Instructor. Regular. Substantive. Those three words, as defined by the U.S. Department of Education (“ED”) Office of Inspector General (“OIG”), resulted in OIG’s recent recommendation that Western Governors University (“WGU”) repay to ED approximately $713 million in federal funds.

An otherwise eligible institution loses its ability to participate in federal student financial aid programs under Title IV of the Higher Education Act if, for the previous award year, more than half of the institution’s courses were correspondence courses or half or more of the institution’s students were enrolled in such courses (the so-called “50% rules”). In its audit of WGU, ED OIG reviewed 102 accreditor-approved online courses and determined that, largely because of WGU’s “unbundled faculty composition model,” 69 of those courses were “correspondence courses” rather than “distance education.” More than half of WGU’s students (over 60% of them) were enrolled in one or more of those 69 courses during the 2013–2014 award year, resulting in a violation of the 50% rules. OIG recommended that ED hold WGU liable for repayment of all federal funds disbursed to it since July 1, 2014 (the beginning of the next award year) because as of that date, WGU was no longer eligible to participate in Title IV programs.

Federal regulations describe the difference between distance education and correspondence courses:

  • Distance education is “education that uses [certain] technologies [including the Internet] to deliver instruction to students who are separated from the instructor and to support regular and substantive interaction between the students and the instructor, either synchronously or asynchronously.”
  • Correspondence courses are “course[s] provided by an institution under which the institution provides instructional materials, by mail or electronic transmission, including examinations on the materials, to students who are separated from the instructor. Interaction between the instructor and student is limited, is not regular and substantive, and is primarily initiated by the student. Correspondence courses are typically self-paced.”

Not described in the regulations, however, is what constitutes an “instructor” or what interaction is “regular and substantive.” To assess whether a course qualified as distance education, OIG ascribed to these terms its own definitions based on “ordinary meaning” and looked for “evidence of interaction that was not primarily initiated by the student and was (1) with someone who instructs or provides knowledge about the subject matter of the course (instructor), (2) relevant to the subject matter (substantive), and (3) occurring with some reasonable frequency considering the school-suggested length of the course (regular).”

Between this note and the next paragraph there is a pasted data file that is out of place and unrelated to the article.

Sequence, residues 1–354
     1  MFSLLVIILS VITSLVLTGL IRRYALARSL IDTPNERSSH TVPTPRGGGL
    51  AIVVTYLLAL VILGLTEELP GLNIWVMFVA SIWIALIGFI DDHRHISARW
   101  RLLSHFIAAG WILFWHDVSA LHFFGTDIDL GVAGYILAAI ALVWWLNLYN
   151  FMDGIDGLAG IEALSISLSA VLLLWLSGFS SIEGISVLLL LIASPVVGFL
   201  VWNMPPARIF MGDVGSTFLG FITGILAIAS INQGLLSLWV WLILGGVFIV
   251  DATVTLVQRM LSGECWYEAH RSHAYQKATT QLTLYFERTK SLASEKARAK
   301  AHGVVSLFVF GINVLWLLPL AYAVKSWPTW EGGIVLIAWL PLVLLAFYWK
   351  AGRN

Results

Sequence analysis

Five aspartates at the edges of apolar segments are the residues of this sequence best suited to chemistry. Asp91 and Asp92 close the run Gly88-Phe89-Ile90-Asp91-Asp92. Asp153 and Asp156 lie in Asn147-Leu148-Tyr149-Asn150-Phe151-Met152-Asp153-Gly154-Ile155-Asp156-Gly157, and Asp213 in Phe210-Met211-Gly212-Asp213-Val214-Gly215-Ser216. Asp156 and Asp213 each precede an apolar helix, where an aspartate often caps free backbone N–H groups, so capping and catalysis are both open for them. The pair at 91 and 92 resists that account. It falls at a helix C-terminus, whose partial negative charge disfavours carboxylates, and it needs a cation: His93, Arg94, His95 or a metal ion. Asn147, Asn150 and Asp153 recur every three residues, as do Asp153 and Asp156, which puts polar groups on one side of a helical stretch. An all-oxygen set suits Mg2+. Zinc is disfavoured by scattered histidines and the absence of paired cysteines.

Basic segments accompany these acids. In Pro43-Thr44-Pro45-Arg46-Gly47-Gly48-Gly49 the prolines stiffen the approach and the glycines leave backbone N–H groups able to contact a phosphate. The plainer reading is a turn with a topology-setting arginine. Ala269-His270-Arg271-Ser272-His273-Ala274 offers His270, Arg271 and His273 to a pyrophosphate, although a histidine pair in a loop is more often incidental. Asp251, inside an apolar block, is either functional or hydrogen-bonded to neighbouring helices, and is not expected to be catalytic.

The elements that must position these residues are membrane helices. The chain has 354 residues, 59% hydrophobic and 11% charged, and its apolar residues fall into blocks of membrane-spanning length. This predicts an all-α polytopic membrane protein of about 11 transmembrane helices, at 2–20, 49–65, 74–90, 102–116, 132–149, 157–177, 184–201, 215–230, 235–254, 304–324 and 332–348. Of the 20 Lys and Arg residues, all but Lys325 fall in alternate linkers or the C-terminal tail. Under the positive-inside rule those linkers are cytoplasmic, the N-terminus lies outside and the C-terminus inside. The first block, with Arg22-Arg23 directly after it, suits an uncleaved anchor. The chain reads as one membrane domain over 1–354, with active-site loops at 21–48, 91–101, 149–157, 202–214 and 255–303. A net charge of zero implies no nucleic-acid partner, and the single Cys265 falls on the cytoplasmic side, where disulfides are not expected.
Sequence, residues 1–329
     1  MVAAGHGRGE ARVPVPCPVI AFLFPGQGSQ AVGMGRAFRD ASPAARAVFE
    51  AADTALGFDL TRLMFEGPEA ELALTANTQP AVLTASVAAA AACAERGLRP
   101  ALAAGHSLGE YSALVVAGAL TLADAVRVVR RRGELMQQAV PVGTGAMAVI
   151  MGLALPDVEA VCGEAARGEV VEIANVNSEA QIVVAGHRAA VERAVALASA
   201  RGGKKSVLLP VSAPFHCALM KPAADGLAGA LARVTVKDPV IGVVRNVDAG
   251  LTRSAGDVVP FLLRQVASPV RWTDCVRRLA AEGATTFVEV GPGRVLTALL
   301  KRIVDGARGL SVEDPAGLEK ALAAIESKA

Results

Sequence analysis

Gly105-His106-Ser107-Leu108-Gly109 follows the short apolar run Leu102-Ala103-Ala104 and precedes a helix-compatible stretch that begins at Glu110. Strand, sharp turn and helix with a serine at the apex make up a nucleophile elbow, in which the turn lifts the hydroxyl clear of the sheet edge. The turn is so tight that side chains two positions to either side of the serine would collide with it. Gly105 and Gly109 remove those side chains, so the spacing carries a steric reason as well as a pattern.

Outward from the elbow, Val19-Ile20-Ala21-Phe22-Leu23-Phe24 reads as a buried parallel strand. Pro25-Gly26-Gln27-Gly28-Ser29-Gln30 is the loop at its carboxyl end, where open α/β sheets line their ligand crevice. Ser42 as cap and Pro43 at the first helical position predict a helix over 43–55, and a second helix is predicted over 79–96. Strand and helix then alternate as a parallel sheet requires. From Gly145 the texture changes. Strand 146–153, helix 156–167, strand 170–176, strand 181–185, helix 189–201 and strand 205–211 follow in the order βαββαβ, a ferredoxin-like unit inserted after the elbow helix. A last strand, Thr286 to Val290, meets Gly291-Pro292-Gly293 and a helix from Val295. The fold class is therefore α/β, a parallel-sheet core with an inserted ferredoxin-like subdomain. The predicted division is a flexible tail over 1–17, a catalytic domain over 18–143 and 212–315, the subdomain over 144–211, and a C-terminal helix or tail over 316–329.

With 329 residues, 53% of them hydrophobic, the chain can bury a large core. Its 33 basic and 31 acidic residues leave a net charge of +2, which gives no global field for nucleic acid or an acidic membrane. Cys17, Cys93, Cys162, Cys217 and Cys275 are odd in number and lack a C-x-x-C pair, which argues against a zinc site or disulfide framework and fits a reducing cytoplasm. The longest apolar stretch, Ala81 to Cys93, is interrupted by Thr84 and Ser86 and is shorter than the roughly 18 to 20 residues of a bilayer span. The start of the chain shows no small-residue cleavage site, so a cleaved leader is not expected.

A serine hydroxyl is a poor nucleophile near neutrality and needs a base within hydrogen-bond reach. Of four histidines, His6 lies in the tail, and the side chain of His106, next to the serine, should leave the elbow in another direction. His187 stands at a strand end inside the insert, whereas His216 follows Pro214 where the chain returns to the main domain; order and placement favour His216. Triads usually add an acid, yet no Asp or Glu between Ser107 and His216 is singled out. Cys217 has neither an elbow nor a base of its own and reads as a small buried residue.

OIG concluded that the courses did not meet these criteria. According to OIG, WGU’s “unbundled faculty composition model . . . divided the roles of meeting with and advising students, course or curriculum design, learning resource selection, instruction, and assessment among student mentors, course mentors, evaluators, product managers, and council members.” OIG concluded that only the course mentors and evaluators “could reasonably be considered instructors.” The design of the courses failed to satisfy the requirement that “the regular and substantive interaction in a distance education course . . . be between the student and an instructor, not just any member of a school’s faculty.” OIG considered interaction to be “substantive” if “the course design materials described student interaction with a course mentor or required an individual submission of a performance task for which an evaluator provided the student feedback.” OIG thus disregarded computer-generated feedback on objective assessments and recorded materials that were not designed to result in interaction between the student and instructor. OIG also concluded that “the course design materials did not describe regular interaction between the students and course mentors and evaluators” (i.e., the instructors).

As expected, WGU “strongly disagrees” with OIG’s determination, which it says “challenges [WGU’s] innovative, results-proven faculty model.” OIG’s recommendation that ED require WGU to return at least $713 million in Title IV funds disbursed in the years after the audited period is just that—a recommendation. ED has not yet indicated officially how it will proceed, but an ED spokesperson noted that “the innovative student-first model used by this school and others like it has garnered bipartisan support over the last decade.” The final audit report highlights the importance of the application of Title IV and ED regulations in an educational environment that has become increasingly innovative and technology-centered.